Quick Homemade Hot Sauce
Even though I got a late start on my vegetable garden, I have had a bounty of hot peppers and herbs, which honestly is about all this girl needs anyway! When I was in high school, one of my old boyfriends started growing his own peppers and making big batches of hot sauce. Ever since then I’ve wanted to try it out for myself – especially since I am a hot sauce (well anything hot really) fiend.
I noticed a bunch of my pepper plants were getting weighted down pretty well by their bounty, so I scooped up a ton of peppers – a mix of jalapenos and Fresno peppers – and got to work. This stuff is so incredibly easy to make – I was actually shocked about how easy the whole process was.
I liked adding the chives as a little flavor boost, and you could do this with any number of other herbs or veggies if you’d like to experiment with flavor. This is a basic recipe, but really all you need to keep in mind when experimenting is that you’ll need to increase the amount of vinegar (I suppose you could add a bit of water too if you wanted to dilute it a little) with any additional add-ins such as herbs and veggies (you could do basil, dill, oregano, onions, tomatoes, etc…).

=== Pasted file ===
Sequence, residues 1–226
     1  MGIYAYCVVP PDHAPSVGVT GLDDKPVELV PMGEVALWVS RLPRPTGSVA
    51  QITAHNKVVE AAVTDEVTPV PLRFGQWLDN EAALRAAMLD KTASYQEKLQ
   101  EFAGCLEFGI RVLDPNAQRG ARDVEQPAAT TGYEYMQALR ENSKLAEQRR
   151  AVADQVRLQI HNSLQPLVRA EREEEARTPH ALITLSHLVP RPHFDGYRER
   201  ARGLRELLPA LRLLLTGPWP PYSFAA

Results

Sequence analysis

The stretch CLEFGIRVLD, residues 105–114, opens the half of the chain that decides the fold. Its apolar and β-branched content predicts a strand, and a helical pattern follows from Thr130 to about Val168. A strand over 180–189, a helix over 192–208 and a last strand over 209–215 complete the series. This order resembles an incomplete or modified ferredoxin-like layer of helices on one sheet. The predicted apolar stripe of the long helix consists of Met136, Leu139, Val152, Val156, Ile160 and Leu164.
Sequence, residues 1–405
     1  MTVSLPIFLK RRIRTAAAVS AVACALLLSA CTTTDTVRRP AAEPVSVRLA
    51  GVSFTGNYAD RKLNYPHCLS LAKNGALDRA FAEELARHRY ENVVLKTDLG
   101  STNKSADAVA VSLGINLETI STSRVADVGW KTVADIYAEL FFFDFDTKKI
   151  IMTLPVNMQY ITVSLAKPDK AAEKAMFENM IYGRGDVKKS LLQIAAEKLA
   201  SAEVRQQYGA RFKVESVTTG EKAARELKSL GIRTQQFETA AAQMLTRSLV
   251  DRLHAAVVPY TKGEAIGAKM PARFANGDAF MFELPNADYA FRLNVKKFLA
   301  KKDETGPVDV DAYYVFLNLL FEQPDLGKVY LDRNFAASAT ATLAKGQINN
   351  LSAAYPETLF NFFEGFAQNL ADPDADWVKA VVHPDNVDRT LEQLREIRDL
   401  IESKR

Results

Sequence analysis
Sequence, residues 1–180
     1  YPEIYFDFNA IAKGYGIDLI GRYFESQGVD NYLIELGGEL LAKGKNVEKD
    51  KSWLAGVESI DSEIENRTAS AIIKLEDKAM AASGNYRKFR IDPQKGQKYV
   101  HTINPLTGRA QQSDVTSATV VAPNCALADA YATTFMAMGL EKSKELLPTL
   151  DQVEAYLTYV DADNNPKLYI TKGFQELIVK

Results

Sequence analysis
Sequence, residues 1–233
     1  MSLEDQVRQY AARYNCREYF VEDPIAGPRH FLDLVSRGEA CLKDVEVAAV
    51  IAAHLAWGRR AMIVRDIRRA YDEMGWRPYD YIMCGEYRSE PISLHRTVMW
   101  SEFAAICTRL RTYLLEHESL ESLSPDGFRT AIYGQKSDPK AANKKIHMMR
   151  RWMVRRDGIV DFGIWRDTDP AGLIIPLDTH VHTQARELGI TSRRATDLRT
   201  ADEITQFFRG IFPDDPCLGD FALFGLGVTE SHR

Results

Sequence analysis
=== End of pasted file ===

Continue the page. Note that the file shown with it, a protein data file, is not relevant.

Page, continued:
Another consideration is texture. My version is about on par with something like a Frank’s as far as consistency goes – smooth and somewhat thin – but you could go chunkier, thicker, or thinner depending upon your own tastes. Additionally, feel free to experiment with the peppers you use. I used a mix, but you may be partial to one type over another, and you can always use sweeter peppers for a less spicy blend or hotter ones to really blow your top! This version definitely has a kick to it, so be cautious about the peppers you use if you’re sensitive to heat.
- 1 cup Vinegar
- ½ lbs Hot Peppers, stemmed and chopped
- 2 tbsp Garlic, minced
- 2 tbsp Chives, chopped (or other herbs)
- 2 tsp Agave Nectar
- Add all ingredients to a saucepan and bring to a boil over medium heat. Reduce heat slightly and simmer for 20 minutes or until peppers are soft. Remove from heat and let cool 5-10 minutes. Pour mixture into a blender and process until smooth, about 3 minutes. Let it rest and blend again if necessary. At this point you can strain it if you want to remove any remaining lumps, otherwise you can skip that step and store in an airtight glass container for up to 2 weeks in the fridge. I strained mine to remove some seeds and strands of chives.
What types of veggies or herbs do you have a bounty of?